Bridging Research

The Brackenridge community is a beautiful cohort of individuals who each bring their own, distinct perspectives. Through the wide range of interests and research topics presented within the Brackenridge community, I hope to grow my own knowledge base by learning about new topics that I have not yet explored.   

Reading through the Brackenridge blogposts, I recognized that, like myself, several people are also conducting basic natural science research, hoping to pursue knowledge with the goal of learning more and building a better understanding of the mechanisms of the world. For example, Rutha Chivate is using animal subjects to study the vestibular system in response to different stimuli. On a more technical note, I noticed that mice are being utilized as a model organism in multiple studies as well. In fact, after speaking with Alay Gandhi during a Brackenridge meeting, I learned that we are using the same gene expression system, Cre-lox, to conditionally knockout the gene of interest we are each studying. Because of these structural similarities I hope to learn more about their individual research processes and see what I may be able to implement within my own project. 

On the other hand, many research projects in this interdisciplinary community clearly diverge from the methods and subject area of mine. Eric Workman is exploring how political cartoons from Sputnik news, a Russian news agency, is affecting the Turkish people, while Sarah Hulse is using interviews to collect data to understand how the war metaphor is emotionally affecting women with metastatic breast cancer. While different through data style and research subject, I believe there is still definitely much to learn. Particularly, their creative ways of thinking would seem to help any research project. 

All of these projects have piqued my curiosity and taught me new concepts and ways to think. One that I found particularly interesting was Emily Rothermel’s regarding pollution and environmental waste and its effects on her hometown. This project intrigued me because improper environmental protection is an important topic that technically affects everyone on Earth. Through her project, Emily is looking into her own family events and hometown to explore just how devastating this issue can be. To me this seems to make her project very powerful.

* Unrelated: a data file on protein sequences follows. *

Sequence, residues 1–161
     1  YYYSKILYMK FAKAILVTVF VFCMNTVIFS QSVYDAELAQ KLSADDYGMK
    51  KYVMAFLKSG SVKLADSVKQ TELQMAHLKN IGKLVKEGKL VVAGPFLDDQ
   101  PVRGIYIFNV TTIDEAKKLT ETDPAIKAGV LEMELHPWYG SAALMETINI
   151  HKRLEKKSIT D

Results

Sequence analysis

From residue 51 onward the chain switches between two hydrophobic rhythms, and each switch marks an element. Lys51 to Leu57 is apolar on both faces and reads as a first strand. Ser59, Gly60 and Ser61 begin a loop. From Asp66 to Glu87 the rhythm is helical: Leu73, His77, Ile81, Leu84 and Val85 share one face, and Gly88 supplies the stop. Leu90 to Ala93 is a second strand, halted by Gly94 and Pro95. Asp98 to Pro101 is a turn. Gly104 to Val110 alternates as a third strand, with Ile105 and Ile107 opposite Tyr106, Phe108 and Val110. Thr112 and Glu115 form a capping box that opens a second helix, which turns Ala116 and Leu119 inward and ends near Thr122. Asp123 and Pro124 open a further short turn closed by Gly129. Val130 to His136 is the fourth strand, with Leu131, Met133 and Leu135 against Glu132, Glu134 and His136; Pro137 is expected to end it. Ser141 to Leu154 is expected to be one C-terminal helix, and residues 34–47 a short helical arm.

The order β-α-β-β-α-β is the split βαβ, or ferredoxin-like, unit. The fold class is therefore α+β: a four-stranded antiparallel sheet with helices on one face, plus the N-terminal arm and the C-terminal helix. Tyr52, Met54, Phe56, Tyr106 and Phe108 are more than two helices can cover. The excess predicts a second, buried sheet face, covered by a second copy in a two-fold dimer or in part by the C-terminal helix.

Working across disciplines within such a community is an invaluable opportunity to learn about new topics and ways of thinking. I look forward to exploring new approaches to research that I may be able to put into practice myself. Through this community, I will be able to further develop my communication skills because I will need to effectively explain my project in ways that people with any background or within any discipline can understand. Breaking down my research into smaller concepts while explaining it to others will even help me to notice any weak spots in my own understanding of the information. These weak spots would signify either concepts that I need to read more about or illustrate in which direction to steer future research.  

Of course, even with the countless benefits of an interdisciplinary community, it holds some obstacles. Namely, it becomes increasingly difficult to hold more technical discussions regarding one’s research. Subject area specific concerns might not be evident to those who do not understand every aspect of the project and the particulars behind it.  

Despite these obstacles, however, the Brackenridge Fellowship awards me the opportunity to see people with all different experiences and interests come together to help and learn from one another. It’s interdisciplinary nature makes it unique, and I am truly grateful to be part of a community with so many inspiring individuals.  

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